According to the study, it is clear that US men as seen in tradition demonstrate significant need to ensure that their genes continue to live on through their sons. The homosexuals or bisexual children demonstrated to their fathers that they were less likely to procreate in the future (Seligman, 2011). As a result, the children would receive less affectionate communication from their fathers. Additionally, the same theoretical could be used in the explanation of choice of life partners. Couples will usually assess each other on the basis of whether one could be in future a good parent or not. An individual who shows affectionate communication is likely to be chosen as a marriage couple than the alternative who shows little affectionate communication.

Verbal and Non Verbal Cues of Affection

Affection communication is seen as the interpersonal expression of emotional feeling of either love or friendship between two individuals. It is therefore, important that an individual seeking to demonstrate feelings of affection should identify how to portray this either in verbal or non verbal cues. The nature of the interpersonal relationship is an important factor in considering the choice of affection cue that should be portrayed to one individual from the next. In this case, the interpersonal relationship between an employee and his boss is by far different from that of a son and his father (Floyd, 2008). Therefore, it would be considered inappropriate for the employee to seek out his boss to tell him the words “I love you”. In contrast, this is a common behavior among sons and their fathers. Particularly at their tender age, sons will seek the approval and “love” of their fathers.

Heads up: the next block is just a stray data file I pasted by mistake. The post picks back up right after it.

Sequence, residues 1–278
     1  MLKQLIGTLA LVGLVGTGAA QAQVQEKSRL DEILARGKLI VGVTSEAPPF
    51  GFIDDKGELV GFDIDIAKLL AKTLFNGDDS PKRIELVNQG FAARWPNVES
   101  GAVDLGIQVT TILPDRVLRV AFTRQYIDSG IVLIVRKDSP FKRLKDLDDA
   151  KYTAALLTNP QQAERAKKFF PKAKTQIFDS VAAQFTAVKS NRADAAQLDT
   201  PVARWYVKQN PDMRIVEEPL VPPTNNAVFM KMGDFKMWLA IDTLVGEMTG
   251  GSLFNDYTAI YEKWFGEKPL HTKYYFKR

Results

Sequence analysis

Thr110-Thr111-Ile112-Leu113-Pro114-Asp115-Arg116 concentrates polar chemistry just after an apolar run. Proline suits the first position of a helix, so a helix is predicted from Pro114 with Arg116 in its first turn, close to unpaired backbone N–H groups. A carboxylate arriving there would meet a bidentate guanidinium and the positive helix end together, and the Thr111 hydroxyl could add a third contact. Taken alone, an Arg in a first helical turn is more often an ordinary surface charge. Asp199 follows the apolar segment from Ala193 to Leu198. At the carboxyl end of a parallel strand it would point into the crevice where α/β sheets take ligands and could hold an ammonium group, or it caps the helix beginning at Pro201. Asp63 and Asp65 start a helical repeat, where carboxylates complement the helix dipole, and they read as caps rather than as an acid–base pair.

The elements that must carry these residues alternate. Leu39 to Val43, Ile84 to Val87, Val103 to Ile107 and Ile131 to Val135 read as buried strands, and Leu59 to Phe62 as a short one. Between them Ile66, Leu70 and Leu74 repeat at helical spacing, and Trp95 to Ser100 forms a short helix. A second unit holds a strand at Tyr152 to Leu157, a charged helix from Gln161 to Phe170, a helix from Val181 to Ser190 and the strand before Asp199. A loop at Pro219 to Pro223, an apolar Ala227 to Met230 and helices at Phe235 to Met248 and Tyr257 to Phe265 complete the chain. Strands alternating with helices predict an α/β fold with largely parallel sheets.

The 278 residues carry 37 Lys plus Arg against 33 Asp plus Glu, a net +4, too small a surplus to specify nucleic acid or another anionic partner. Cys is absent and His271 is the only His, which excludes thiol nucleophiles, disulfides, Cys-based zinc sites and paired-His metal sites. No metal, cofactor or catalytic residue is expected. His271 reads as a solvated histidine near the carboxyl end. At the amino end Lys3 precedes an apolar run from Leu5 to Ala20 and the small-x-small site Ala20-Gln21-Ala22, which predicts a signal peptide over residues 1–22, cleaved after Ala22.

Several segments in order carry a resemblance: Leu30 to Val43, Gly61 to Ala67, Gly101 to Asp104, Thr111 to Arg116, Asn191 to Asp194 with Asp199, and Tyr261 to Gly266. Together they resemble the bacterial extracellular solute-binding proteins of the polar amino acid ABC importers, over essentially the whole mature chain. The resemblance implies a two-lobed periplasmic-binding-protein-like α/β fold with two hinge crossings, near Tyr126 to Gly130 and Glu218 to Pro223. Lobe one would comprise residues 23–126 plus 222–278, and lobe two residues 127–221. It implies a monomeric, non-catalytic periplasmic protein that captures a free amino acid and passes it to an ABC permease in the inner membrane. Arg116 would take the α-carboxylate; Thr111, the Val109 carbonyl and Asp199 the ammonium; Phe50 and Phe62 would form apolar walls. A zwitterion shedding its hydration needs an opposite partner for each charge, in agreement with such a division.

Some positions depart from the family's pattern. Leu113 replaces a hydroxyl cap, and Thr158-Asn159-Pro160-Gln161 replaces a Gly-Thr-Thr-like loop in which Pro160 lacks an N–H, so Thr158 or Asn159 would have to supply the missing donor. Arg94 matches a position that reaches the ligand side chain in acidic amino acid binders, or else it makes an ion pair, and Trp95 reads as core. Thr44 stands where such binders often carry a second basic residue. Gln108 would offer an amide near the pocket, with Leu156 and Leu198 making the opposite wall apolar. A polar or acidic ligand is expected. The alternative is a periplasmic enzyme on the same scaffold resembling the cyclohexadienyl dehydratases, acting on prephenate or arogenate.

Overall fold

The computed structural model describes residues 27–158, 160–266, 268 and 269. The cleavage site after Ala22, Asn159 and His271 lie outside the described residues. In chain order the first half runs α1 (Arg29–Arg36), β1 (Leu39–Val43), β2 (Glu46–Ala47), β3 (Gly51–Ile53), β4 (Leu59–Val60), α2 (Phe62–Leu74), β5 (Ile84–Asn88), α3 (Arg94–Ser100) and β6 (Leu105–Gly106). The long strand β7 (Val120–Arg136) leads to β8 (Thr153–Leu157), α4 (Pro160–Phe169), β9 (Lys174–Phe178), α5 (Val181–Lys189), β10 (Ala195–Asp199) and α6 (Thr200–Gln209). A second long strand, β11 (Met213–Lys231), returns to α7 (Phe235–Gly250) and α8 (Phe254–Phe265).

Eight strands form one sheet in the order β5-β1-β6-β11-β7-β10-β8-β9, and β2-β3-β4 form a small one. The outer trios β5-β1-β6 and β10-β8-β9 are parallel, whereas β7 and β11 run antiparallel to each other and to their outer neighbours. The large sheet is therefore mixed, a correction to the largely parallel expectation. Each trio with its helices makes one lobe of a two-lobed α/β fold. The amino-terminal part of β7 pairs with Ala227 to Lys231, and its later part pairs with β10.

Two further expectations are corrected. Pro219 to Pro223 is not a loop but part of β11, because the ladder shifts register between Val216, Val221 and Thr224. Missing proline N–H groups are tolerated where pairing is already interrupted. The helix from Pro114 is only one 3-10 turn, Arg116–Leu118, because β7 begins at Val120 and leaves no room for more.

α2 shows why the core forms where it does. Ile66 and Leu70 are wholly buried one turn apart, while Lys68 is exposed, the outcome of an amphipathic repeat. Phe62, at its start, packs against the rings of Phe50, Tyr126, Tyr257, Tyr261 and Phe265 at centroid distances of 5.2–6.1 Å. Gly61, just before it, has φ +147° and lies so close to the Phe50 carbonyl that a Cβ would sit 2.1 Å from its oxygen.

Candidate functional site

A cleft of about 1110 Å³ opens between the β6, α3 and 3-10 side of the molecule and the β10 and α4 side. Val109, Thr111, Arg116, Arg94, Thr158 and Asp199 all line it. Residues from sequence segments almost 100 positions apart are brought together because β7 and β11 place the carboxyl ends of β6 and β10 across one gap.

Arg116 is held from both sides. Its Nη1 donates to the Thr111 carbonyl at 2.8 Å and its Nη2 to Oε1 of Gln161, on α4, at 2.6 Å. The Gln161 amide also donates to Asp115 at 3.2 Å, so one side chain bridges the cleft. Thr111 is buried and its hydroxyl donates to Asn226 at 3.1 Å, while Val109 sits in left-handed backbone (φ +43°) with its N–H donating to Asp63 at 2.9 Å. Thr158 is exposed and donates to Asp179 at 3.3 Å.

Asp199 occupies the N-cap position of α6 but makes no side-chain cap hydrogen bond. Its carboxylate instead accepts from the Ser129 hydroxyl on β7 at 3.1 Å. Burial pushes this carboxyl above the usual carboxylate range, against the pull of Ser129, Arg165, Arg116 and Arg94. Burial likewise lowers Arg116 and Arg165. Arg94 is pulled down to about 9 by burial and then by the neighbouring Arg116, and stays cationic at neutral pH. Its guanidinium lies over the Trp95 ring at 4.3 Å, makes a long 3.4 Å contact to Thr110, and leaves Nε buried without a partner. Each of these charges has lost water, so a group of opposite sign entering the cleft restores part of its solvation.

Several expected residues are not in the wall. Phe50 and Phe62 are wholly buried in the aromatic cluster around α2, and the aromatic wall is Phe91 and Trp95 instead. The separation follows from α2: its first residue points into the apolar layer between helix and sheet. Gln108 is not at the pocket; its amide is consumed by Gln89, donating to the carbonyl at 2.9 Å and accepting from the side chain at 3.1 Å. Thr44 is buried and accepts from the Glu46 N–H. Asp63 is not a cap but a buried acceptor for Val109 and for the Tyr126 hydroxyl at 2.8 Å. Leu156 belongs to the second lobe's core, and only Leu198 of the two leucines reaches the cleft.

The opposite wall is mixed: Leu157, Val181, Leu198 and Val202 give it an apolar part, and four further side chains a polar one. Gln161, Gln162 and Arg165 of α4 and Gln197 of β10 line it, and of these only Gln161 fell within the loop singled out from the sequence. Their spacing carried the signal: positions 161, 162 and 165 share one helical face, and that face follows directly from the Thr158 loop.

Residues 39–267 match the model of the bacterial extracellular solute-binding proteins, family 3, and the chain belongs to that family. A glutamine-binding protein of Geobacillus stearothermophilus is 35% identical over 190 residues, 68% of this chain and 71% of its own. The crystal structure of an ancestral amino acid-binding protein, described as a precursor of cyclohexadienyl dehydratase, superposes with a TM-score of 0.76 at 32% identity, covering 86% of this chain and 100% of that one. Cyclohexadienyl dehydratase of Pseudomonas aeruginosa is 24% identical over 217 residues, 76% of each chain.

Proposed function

Horan and Booth-Butterfield (2010) investigate the importance of affectionate messages both verbal and non verbal as a contributing factor in the development of a healthy and long-term relationship. The portrayal of affection messages has been a critical factor in the communication of positive regard or showing fondness to another person. The individuals who portray affection both in verbal and nonverbal communication are the ones likely to experience a lengthy and healthy relationship. Some of the nonverbal messages include kissing, hugging, holding hands or in some less romantic relationships a pat on the back may portray affection from a mentor. The study by Horan and Booth-Butterfield (2010) utilized 144 participants that was 72 heterosexual couples. The results of the study indicated that these verbal and nonverbal messages were effective relational thermometers in identifying affectionate communication between romantic couples.

Implications of Theory